Fans were worried that the group’s fortunes might change when Holland, Dozier, and Holland left Motown at the end of 1967. But the Four Tops didn’t miss a beat. They scored hits in 1968 with soulful covers of songs like “Walk Away Renee” and the folk classic “If I Were a Carpenter.” They scored another major hit in 1970 with the smooth and mellow “Still Water (Love).” In 1971, they had a hit duet with the Supremes on a remake of the classic “River Deep, Mountain High.” Meanwhile, Renaldo 'Obie' Benson branched out into songwriting by co-penning the Marvin Gaye classic “What’s Going On.”

When Motown moved from Detroit to Hollywood in 1972, the Four Tops decided to stay put. They moved to ABC records and began their second decade of hits. They started off with a bang in 1973, scoring a Top-10 single with the funky “Keeper Of The Castle.” It was quickly followed by a sweet ballad, “Ain’t No Woman Like the One I Got,” which hit the Top-5 and became another million-selling hit for the group. The Four Tops also hit the Top-15 with the suspenseful uptempo track “Are You Man Enough?,” which was used as the theme song for Shaft In Africa. All in all, not bad for their first year on their own.

The Four Tops continued to have hits into 1976 with songs like “One Chain Don’t Make No Prison” and “Catfish.” As the 1980’s dawned, they topped the r&b charts and scored a Top-15 pop hit with the wistful, romantic “When She Was My Girl.” The Four Tops returned to Motown in 1983 and also toured with fellow Motown stars the Temptations. In 1987, Levi Stubbs voiced the creature ‘Audrey II’ for the hit Little Shop of Horrors, and in 1990, the Four Tops were given a richly-deserved induction into the Rock and Roll Hall Of Fame.

In 1993, the Four Tops celebrated their 40th anniversary. Amazingly, their lineup had not changed once during any of these forty years. Payton passed away in 1997, but the remaining members continue to perform around the world, calling themselves simply ‘The Tops.’ Their sound is timeless, so there is no doubt that they will continue to have success as long as they want it. Just the same, they have already earned the status of ‘legends’ several times over with their symphonic but gutsy brand of soul music.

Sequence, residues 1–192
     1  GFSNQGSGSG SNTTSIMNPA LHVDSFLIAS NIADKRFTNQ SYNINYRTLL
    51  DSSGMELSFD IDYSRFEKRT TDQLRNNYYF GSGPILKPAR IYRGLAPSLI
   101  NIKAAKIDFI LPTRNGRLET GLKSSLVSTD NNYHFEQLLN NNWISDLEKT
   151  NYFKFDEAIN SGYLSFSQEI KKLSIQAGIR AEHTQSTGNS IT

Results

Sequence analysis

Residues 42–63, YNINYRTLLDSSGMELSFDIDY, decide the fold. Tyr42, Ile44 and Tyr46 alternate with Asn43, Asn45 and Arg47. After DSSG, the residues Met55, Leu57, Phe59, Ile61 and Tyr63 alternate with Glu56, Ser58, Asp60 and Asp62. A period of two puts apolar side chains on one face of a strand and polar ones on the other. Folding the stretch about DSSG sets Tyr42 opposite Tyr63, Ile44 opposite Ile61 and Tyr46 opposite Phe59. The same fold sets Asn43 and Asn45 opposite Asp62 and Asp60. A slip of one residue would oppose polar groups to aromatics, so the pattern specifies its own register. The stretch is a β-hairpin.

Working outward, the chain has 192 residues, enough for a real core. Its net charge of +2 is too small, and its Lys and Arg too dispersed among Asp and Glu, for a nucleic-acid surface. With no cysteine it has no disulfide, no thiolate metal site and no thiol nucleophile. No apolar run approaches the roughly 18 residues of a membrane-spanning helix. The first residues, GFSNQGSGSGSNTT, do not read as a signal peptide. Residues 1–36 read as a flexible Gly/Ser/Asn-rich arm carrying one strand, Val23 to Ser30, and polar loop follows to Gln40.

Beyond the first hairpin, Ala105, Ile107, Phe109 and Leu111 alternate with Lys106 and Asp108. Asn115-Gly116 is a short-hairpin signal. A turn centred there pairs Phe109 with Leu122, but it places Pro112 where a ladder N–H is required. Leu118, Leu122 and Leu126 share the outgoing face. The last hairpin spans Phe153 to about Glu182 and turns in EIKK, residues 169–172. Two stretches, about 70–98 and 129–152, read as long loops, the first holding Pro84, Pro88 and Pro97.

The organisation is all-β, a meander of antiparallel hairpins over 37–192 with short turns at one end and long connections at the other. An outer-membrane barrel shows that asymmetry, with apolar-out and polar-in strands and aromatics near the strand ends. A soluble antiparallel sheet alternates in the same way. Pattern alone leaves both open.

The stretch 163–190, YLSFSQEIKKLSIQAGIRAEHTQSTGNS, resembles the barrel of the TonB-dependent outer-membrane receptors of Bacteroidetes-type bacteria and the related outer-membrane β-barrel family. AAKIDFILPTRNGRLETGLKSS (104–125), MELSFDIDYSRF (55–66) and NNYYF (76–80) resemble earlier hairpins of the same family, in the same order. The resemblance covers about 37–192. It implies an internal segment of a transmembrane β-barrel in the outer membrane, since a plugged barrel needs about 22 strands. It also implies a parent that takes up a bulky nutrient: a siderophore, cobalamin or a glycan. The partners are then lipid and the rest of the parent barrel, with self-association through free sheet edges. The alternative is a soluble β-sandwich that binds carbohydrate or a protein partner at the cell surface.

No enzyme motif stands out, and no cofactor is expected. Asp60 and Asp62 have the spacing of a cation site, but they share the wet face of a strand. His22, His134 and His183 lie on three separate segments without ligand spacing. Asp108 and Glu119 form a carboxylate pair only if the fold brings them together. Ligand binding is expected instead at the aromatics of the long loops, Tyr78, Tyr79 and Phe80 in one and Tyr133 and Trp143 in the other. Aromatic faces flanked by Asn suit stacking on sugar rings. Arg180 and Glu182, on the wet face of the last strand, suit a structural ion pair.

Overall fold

Artist Release History

1964 - The Four Tops
1965 - The Four Tops Second Album
1966 - On Top
1966 - The Four Tops Live Motown
1967 - On Broadway
1967 - Reach Out
1968 - Yesterday's Dreams
1969 - The Four Tops Now!
1969 - Soul Spin
1970 - Still Waters Run Deep
1970 - Changing Times
1970 - The Magnificent 7
1971 - The Return of the Magnificent Seven
1971 - Dynamite
1972 - Nature Planned It
1972 - Keeper of the Castle
1973 - Main Street People
1974 - Meeting of the Minds
1974 - Shaft in Africa
1974 - Live & In Concert
1975 - Night Lights Harmony
1976 - Catfish
1977 - The Show Must Go On
1978 - At the Top
1981 - Tonight!
1982 - The Fabulous Four Tops
1982 - One More Mountain
1983 - Back Where I Belong
1985 - Magic
1986 - Hot Nights
1988 - Indestructible
1992 - When She Was My Girl
1995 - It's the Same Old Song
1995 - Christmas Here with You

Pop Sub Categories


Essential Music Albums

Ultimate Collection (Motown)
Keepers Of The Castle: Their Best 1972-1978 (MCA)

Band Members

Levi Stubbs lead vocals
Renaldo 'Obie' Benson vocals
Abdul 'Duke' Fakir vocals
Lawrence Payton vocals